28 April 2017
California Formally Proposes to List Certain Insulation Materials as Priority Product
The California Department of Toxic Substances Control will accept comments through 16 May on a proposal to designate spray polyurethane foam systems with unreacted methylene diphenyl diisocyanates as a priority product under the Safer Consumer Products regulations. The regulations define a priority product as a consumer product that contains one or more chemicals that have a hazard trait that can harm people or the environment. Designation of these items as a priority product would impose certain reporting requirements as well as more stringent conditions on manufacturers, importers, assemblers and retailers of subject merchandise.
The proposal covers spray polyurethane foam systems containing liquid chemical mixtures in two separate containers that are sold or distributed together. The two separate containers are commonly referred to as Side A and Side B. Side A contains unreacted methylene diphenyl diisocyanates while Side B contains a mixture of polyols and other ingredients that may include catalysts, blowing agents, flame retardants and surfactants. The chemical mixtures in the sides react when mixed together to form polyurethane foam that is used for insulation, roofing, or sealing and filling voids and gaps. This product-chemical combination includes high-pressure spray polyurethane foam systems as well as low-pressure spray polyurethane foam systems.
DTSC is proposing this action because workers and consumers could be exposed to unreacted methylene diphenyl diisocyanates during normal use of spray polyurethane foam systems. Inhalation and dermal exposure to unreacted MDI is associated with adverse health effects, including asthma and allergic sensitisation. People who become sensitised to MDI may also experience life-threatening asthma attacks when subsequently exposed to extremely low levels of isocyanates.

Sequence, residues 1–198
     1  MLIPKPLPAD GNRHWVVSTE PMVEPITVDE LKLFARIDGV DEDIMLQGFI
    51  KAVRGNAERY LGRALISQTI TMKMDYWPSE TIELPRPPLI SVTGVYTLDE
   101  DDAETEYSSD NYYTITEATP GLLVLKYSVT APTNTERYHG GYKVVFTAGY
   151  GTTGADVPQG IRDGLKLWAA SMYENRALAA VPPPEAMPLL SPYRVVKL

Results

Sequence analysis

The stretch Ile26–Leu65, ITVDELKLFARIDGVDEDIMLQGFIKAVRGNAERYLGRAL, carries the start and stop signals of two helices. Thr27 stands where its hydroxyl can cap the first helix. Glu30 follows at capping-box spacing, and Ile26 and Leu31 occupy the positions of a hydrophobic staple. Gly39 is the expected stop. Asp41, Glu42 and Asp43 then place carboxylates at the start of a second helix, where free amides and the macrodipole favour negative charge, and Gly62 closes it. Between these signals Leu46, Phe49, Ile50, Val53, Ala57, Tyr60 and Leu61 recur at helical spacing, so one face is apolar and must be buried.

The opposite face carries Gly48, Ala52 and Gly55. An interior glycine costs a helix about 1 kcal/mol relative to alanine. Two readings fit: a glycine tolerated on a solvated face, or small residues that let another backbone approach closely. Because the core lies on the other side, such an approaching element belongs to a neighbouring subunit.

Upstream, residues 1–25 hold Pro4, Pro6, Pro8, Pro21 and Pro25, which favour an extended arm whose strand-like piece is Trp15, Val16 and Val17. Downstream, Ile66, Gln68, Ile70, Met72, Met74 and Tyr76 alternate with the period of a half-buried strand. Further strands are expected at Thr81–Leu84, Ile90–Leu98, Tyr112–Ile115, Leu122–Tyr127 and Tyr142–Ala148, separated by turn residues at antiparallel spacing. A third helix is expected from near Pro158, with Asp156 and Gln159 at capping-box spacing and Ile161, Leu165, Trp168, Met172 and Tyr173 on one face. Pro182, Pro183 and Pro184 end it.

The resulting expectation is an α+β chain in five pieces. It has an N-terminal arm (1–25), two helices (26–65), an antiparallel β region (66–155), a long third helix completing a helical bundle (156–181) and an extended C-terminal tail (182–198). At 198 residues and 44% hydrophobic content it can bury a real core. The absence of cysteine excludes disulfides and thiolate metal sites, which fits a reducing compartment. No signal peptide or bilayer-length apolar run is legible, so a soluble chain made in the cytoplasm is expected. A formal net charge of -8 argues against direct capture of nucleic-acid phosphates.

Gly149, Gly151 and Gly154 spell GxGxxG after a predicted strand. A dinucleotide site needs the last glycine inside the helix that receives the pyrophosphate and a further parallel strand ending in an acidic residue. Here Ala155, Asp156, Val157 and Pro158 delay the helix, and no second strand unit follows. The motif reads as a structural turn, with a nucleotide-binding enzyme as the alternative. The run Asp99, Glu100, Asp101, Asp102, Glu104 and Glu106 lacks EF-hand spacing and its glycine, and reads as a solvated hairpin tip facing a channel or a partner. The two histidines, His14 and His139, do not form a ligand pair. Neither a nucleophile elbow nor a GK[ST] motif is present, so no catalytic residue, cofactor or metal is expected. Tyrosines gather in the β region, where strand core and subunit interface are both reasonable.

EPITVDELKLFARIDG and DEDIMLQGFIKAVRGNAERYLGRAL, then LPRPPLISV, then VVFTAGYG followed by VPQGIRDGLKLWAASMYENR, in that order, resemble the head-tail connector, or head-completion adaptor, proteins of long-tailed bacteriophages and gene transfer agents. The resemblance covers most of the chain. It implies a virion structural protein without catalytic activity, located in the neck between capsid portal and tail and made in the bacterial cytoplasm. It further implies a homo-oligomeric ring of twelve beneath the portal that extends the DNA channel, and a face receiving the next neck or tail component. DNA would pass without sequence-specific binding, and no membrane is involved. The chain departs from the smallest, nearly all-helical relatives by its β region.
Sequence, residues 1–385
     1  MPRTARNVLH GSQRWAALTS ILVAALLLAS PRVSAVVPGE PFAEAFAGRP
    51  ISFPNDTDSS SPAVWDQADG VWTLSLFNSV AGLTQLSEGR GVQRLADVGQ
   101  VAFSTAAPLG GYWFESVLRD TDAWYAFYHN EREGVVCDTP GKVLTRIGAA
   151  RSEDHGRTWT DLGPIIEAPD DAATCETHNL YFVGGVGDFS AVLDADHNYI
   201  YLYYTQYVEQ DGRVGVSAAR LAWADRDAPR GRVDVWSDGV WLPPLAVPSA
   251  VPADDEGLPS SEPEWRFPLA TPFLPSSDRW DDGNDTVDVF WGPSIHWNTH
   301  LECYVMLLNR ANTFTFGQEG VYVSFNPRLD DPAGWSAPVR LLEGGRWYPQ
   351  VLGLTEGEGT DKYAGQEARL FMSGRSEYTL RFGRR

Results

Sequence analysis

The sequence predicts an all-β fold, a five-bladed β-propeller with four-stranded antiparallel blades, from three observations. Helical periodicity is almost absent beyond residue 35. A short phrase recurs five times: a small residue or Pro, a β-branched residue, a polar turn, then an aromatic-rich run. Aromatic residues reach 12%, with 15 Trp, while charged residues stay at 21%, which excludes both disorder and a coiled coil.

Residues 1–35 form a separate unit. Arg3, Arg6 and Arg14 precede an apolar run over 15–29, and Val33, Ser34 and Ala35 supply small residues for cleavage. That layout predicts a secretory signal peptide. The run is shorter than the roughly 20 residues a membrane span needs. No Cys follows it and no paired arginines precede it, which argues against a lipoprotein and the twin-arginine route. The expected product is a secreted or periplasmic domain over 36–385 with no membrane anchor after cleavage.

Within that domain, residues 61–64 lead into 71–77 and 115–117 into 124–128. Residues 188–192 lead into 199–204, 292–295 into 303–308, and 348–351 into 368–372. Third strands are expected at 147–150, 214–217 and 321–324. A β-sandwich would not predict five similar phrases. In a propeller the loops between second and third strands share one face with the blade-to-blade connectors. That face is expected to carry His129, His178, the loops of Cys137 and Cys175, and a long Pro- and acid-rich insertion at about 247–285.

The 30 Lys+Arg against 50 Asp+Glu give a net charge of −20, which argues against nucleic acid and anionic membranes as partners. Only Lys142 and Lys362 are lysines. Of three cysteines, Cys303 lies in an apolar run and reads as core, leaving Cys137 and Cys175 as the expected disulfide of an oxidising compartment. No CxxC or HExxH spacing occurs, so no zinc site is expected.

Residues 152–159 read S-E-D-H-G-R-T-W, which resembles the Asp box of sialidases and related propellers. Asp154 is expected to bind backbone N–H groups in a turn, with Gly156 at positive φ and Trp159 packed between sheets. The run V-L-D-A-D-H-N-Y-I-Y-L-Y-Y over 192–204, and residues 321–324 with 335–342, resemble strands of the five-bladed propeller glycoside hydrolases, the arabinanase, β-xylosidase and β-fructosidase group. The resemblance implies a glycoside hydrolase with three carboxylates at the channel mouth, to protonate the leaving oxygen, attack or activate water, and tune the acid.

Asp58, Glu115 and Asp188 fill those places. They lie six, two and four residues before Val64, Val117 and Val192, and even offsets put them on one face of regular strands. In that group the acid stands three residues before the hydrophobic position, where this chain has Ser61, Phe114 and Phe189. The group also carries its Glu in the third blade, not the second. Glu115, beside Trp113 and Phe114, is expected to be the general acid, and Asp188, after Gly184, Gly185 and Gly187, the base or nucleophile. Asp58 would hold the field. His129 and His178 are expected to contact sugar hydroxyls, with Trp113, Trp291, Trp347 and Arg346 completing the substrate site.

The American Chemistry Council contends, however, that industry has provided extensive data and science to DTSC in the more than three years since spray polyurethane foam systems were first suggested for prioritisation under the Safer Consumer Products regulations that these products do not meet the minimum listing criteria under the regulations. ACC believes that there is no substitute for the multi-attribute performance of spray polyurethane foam systems and no drop-in alternative for MDI used in these products.
The Safer Consumer Products regulations require responsible entities (manufacturers, importers, assemblers and retailers) to notify DTSC when their product is listed as a priority product, and DTSC will post that information on its Web site. Manufacturers or other responsible entities of products listed as priority products will be required to perform an “alternatives analysis” for the product and the chemicals of concern in that product to determine how best to limit exposures or the level of adverse public health and environmental impacts posed by the chemicals of concern. DTSC will also have to identify and require implementation of regulatory responses to protect public health and/or the environment and maximise the use of acceptable and feasible alternatives of least concern.
DTSC has the authority to require regulatory responses for a priority product (if the manufacturer decides to retain the priority product) or for an alternative product selected to replace the priority product. This may include ordering the removal or replacement of the chemical of concern in the product or the removal of the product from the California marketplace.
DTSC will only impose new regulatory requirements on product manufacturers if it finalises the draft list by adopting regulations. Last year, the agency formally proposed to list as a priority product children’s foam-padded sleeping products containing tris(1,3-dichloro-2-propyl) phosphate (TDCPP) or tris(2-chloroethyl) phosphate (TCEP) and is also considering a potential designation for paint and varnish strippers and surface cleaners containing methylene chloride.